What Is Adware and How to Remove It from Your Computer
No matter the device you use - be it a Mac, PC, iOS or Android - getting infected with adware is annoying. But sometimes, this can also put your personal data at risk.
In this guide, we’ll arm you with the knowledge you need to stay safe from adware. Let’s learn:
- what is adware
- what does adware do to your computer
- how to get rid of adware
- the most frequently asked questions about adware
What is adware
Adware is a type of unwanted software. Once it has infected your device, adware exposes you to unwanted pop-ups and ads, redirects your searches to advertising sites, and collects your data for marketing purposes.
Adware developers make revenue from the number of times users see or click their content. This is why adware is so intrusive; the more eyes see their ads, the more money they pocket.
Perhaps the most annoying thing about adware is how it’s usually loaded to your computer without your permission. You’re likely to have agreed to this in the EULA (End User License Agreement) when downloading something else.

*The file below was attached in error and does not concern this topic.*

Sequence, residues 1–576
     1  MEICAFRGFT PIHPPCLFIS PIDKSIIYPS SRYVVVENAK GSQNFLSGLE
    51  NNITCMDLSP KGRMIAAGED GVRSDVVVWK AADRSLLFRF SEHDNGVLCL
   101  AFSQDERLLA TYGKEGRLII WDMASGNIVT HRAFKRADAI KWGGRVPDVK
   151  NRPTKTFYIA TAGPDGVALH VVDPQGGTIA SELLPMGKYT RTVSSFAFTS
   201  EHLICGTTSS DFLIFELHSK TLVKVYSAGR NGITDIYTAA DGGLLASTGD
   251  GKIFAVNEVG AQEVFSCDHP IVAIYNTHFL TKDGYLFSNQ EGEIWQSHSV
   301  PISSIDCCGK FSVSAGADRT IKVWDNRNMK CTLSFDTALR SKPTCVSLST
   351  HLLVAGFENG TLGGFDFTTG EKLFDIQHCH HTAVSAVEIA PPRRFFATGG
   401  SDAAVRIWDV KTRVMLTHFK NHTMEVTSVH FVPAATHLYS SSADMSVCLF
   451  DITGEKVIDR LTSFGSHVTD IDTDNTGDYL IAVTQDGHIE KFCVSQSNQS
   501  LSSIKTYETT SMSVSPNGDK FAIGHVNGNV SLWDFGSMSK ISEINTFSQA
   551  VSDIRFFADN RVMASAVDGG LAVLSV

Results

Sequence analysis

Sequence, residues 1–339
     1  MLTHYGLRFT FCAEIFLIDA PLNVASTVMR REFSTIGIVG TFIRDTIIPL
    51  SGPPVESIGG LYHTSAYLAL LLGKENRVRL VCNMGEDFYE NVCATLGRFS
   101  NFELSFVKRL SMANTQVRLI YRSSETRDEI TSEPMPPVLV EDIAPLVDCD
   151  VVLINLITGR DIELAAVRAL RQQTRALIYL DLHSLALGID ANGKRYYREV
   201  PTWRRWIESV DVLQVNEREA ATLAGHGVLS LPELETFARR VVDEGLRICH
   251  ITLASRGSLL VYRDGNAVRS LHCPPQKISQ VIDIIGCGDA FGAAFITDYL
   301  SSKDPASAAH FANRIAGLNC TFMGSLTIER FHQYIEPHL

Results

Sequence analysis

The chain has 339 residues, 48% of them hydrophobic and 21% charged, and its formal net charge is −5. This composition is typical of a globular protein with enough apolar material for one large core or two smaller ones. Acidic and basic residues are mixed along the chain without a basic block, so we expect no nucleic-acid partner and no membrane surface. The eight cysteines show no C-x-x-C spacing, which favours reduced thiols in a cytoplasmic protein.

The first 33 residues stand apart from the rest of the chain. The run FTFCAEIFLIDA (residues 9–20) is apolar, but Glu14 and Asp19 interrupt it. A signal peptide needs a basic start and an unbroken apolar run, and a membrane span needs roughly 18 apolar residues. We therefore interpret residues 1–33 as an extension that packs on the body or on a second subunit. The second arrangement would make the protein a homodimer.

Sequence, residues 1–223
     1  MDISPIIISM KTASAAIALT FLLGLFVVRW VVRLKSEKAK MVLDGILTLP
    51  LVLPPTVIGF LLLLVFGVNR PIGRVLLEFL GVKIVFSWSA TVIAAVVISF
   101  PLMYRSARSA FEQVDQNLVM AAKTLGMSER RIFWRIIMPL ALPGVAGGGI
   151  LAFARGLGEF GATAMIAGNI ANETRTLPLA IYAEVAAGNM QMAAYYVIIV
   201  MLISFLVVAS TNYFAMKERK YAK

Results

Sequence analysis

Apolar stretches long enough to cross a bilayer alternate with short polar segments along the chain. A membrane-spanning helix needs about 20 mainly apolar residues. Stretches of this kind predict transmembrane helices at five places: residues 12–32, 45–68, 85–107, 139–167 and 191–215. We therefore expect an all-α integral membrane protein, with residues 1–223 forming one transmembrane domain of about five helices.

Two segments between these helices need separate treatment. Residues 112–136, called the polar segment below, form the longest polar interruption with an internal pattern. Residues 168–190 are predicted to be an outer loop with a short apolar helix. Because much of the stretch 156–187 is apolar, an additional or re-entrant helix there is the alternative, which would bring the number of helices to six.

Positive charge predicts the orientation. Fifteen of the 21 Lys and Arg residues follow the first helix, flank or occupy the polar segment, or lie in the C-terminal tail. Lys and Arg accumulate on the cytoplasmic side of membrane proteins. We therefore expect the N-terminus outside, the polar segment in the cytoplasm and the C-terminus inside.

What does adware do to your computer
Sometimes it’s hard to tell the difference between legitimate pop-up ads and adware. Here are some telltale signs you’ve got an adware problem on your hands.
1. Your web browser’s homepage has changed
There are various browser extensions you can use to automatically change your browser’s homepage to photos of beautiful landscapes or motivational quotes. However, if instead of a beautiful seaview you see a redirect to an unknown address, then you could have been targeted by adware.
2. Your web browser is much slower than usual
Seeing the spinning beach ball of death may be irritating - but there’s nothing wrong with it. It’s just a sign that your computer is engaged in processor-heavy activity. However, if something similar often happens to your browser, then don’t rush into installing a new one - it could be a sign of adware infection.